I’m having trouble discarding a preconceived notion. I’ve always considered books that were self-published as inferior, work that didn’t meet traditional publishing standards, books that lacked the qualities that make for a good read: tight writing, proper punctuation and sentence structure, and good story telling.
More than once over the years I’ve been talked into purchasing a self-published book only to wish I hadn’t wasted the money. I always felt I knew why the writer had to resort to paying to have the book published. When I read an article about an author’s first book being published and realized it was self-published, I mentally scoffed and felt superior. I, at least, had been able to convince a legitimate publishing house (4 different publishing houses over time) to publish my books. I didn’t have to pay someone to print it.
Well, times have changed, and I guess I’d better change my attitude. This past month I’ve been judging published books for a national contest. Three of the five books I’m judging are self-published. I groaned when I first received the package, but then I started reading. The two books that have blown me away…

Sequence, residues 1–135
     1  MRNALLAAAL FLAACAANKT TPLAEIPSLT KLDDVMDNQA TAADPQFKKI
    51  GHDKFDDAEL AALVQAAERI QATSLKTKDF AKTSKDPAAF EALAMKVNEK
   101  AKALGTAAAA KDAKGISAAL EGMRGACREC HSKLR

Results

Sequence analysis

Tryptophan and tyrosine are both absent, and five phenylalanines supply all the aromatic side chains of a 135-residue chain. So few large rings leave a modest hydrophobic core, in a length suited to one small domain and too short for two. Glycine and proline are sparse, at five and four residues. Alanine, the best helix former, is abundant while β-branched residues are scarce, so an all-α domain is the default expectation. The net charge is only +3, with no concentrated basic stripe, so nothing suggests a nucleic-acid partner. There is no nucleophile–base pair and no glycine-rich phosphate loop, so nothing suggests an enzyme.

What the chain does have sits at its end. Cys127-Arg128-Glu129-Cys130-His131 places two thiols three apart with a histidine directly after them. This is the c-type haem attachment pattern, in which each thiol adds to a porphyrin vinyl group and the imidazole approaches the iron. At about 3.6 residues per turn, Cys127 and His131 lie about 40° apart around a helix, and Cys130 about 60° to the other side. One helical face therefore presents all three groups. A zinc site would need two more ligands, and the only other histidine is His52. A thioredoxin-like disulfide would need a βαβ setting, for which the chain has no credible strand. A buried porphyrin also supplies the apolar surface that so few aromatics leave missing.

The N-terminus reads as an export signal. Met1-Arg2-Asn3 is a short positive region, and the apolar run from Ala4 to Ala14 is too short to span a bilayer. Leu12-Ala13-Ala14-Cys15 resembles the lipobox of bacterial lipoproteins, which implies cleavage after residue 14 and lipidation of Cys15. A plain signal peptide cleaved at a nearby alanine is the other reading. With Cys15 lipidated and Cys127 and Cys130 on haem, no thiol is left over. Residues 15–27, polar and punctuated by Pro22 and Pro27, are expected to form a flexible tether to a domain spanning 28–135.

Yep, they’re self-published.
I will say the authors of these two books weren’t complete novices. One mentioned the help of her agent (along with her critique partners and the fact that she’d had the book edited) and the other has had several short stories published. But for some reason or another, these two writers chose to self-publish their books.
I also noticed last week that two of the top ten best sellers on the USA Today list were e-books published through Amazon. Another two self-published e-books were listed in the extended list of best sellers.
E-publishing and many of the print-on-demand digital publishers are changing how books are published. In many ways that’s great. Being the writer and the publisher takes out the middleman, gives the writer more control. It’s also giving us more variety. With major publishing houses worried about the bottom line and afraid to take chances on the new and untried, bookstores and stands are loaded with the same well-known authors. Self-publishing is an opportunity for those new voices and new categories or genres to be published.
Oh, I’m sure for every good self-published book there will be dozens of not-so-good to terrible books. But you know, not all of the books published by traditional publishers are that great. The old adage is: “You can’t judge a book by its cover.” Well, I guess, you can’t judge it by its publisher either.
(I’d tell you the titles and authors of those two books I loved, but I can’t. Not until the contest is over.)